Setup – Initialization and Storage Options
There are multiple ways to initialize a QNAP NAS and the included Quick Start guide will help you find the right one for your setup. I prefer to use QNAP’s Qfinder tool that easily finds all QNAP devices on my network and also gives me instant access to various of their settings.
Agreeing to the popup asking to initialize your new NAS or double-clicking it in the list will open the web interface in your default browser.
From here on it’s just a few steps to have your new NAS setup.
The NAS doesn’t need a lot of information to get started, but it does need a few such as a NAS name and a new admin password.
You can choose to set the date and time manually on the device, or you can use the automatic synchronization with NTP servers.
Whether you want to use DHCP to assign a network address and mapping automatically or set them manually comes down to your setup and what you need to do with the NAS. Both are equally valid, but if in doubt, pick DHCP.
Most NAS that I have tested only had Windows sharing enabled by default in the past, so it is really nice to see that we can select which protocols we want to use during the initialization. Most people will only need SAMBA/CIFS for Windows, but there are still a lot of Linux and Mac users out there who need AFP or NFS.
You can also choose to install the most basic and function rich apps right away on the same page and add a lot of extra features to the NAS right away.
We can also pick what disk configuration we would like. The HS-251+ only has two bays, which limits it a little bit. We still had Single, JBOD, RAID 0, and RAID 1 modes available.
The final page of the configuration will show you a summary of your choices and allow you to edit them once more should you want to make some changes. It’s also nice to see the password hidden on this page.
Now you can lean back or go make yourself some coffee as the NAS is applying the settings and configurations you just supplied it with.
You’ll be congratulated to the completion once the setup is done and you can go right from here and directly to the normal user interface.
When we arrive at the QTS dashboard, we’ll be presented with a Quick Start to introduce us to our new NAS and some of its functions. If it has an internet connection available, it will also check for updates to the firmware and operating system right away. In this case the new QTS 4.2 was available and naturally I’ll want to install that.
The update speed is naturally depending on your internet connection and speed, but it didn’t take long for me.
The NAS has to reboot once more when it is done, but you’ll be prompted whether you want to do that now or wait. With a major update like QTS 4.2 is, I would reboot right away and get the new and improved system instead.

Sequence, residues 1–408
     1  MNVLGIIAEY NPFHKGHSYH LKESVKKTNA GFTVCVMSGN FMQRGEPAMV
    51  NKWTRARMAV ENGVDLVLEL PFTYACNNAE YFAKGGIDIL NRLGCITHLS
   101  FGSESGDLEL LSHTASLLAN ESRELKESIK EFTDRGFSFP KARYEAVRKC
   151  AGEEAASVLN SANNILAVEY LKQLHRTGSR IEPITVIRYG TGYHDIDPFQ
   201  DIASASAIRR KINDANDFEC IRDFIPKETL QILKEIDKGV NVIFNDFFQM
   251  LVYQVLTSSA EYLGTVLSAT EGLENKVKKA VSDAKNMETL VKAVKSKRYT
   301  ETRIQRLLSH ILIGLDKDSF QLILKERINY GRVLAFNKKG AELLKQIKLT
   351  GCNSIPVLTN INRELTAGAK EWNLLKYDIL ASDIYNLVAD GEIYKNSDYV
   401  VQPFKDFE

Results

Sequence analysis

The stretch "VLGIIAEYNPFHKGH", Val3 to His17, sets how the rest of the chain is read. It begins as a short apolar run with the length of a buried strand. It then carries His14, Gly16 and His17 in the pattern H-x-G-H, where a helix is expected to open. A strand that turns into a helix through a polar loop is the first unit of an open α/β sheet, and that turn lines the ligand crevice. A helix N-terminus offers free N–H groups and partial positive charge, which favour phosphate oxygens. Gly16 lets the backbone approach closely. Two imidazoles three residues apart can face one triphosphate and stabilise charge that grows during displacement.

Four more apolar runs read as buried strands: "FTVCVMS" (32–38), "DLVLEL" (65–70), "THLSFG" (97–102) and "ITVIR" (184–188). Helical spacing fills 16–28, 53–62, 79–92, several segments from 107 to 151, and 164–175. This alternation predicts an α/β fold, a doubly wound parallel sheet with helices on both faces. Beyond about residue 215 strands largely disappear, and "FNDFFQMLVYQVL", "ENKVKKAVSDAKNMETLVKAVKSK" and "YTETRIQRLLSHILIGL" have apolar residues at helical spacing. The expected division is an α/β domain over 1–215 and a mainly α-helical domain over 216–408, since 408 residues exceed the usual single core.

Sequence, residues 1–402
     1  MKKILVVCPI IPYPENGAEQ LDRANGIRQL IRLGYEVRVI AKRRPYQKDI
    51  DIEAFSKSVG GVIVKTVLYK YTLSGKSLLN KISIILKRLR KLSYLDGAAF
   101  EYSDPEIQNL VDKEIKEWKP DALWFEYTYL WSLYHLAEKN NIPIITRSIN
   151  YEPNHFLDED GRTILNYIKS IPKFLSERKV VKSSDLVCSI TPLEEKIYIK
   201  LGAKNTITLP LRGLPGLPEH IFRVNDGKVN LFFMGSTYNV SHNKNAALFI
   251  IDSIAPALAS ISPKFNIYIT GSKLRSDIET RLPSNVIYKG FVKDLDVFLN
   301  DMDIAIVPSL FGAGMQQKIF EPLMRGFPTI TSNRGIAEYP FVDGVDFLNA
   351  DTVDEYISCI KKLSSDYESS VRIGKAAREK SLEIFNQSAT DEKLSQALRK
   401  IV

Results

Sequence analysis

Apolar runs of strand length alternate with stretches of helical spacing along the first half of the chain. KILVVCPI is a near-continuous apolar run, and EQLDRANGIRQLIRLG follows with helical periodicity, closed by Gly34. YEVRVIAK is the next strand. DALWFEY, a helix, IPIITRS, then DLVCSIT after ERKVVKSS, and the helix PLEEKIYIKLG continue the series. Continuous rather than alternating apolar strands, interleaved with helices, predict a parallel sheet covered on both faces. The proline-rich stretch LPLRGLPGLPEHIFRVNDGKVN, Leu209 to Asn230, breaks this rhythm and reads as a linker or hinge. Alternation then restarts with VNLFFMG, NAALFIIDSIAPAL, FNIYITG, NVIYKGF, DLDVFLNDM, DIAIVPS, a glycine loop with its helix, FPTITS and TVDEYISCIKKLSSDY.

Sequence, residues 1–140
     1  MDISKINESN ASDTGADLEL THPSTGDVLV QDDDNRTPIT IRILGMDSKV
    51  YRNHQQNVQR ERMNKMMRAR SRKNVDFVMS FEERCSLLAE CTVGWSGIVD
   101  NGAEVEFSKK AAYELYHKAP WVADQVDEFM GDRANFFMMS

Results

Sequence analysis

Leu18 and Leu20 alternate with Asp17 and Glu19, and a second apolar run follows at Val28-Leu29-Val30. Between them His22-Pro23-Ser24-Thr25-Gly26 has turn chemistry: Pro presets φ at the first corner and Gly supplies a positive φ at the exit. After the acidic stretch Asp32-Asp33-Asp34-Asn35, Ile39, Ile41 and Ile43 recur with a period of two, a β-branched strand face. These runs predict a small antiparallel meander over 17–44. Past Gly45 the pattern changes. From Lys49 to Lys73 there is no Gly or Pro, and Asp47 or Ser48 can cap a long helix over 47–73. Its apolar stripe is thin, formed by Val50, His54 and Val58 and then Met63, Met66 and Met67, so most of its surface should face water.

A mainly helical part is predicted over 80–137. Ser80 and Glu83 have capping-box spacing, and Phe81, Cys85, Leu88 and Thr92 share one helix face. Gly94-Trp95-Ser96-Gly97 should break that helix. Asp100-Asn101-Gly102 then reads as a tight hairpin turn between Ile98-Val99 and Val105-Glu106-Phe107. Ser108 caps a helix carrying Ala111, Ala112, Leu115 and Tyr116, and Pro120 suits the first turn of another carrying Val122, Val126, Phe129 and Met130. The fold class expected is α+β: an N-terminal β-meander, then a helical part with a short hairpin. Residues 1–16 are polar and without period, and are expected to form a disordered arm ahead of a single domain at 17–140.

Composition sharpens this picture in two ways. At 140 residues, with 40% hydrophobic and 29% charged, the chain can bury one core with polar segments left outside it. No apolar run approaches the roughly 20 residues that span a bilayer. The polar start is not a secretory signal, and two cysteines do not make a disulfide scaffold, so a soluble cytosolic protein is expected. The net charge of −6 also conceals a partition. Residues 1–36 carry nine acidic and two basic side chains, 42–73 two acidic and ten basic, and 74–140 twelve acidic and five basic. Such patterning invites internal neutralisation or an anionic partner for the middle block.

After this quick reboot, the QNAP HS-251+ is ready with the brand new QTS 4.2 and all its features. We get a new quick start screen because I didn’t tell it last time to not display it again.
We also get a prompt whether we want to participate in the QTS Beta program or not. Most normal users will probably not participate while it’s a great option for enthusiasts and developers at the same time.
There can be multiple reasons to switch the storage setup and luckily QNAP has made the whole thing very easy. You can find the Storage Manager either through the menu from the top left corner or through the normal control panel. Once open, it gives you a quick view on your current storage settings as well the health information and warnings.
You can find more detailed information about the individual drives that are installed in the QNAP HS-251+ as well as run SMART scans too.
There is the option to create and manage all of your storage pools and they’re all listed under each other for quick reference.
The management page will allow you to see the details, which shares are on the volume as well as expand and delete it.
QNAP’s QTS system also offers the ability to use Cache acceleration, but that’s probably not a function that will be used a lot on a livingroom-designed NAS with just two bays. It’s still good to see that it’s there and hasn’t been stripped away.
iSCSI is one of the best ways, in my opinion, to connect your storage. It allows great flexibility and it’s easier to use than most people think.
Externally connected drives can also be viewed through the Storage manager that can provide some basic information and functions for each.
Creating new storage pools and volumes just takes a few clicks and whether you just want to create a pool or do it all at once comes down to how you’re going to use your storage. Novice users should just hit the ‘New Volume’ button.
You have options between a static single volume as well as thick and thin multiple volumes.
Select the disks to use and which mode and it’s almost done.
The final step on creating a new volume defines the size, alert threshold as well as the volume name.
You can adjust some of the filesystem options, enable full volume encryption, and instantly create a new shared folder at the same time as the volume is created.
The built-in notification system will keep you up-to-date on the process while it is being created. You can easily move on and do other things while you wait for it to finish.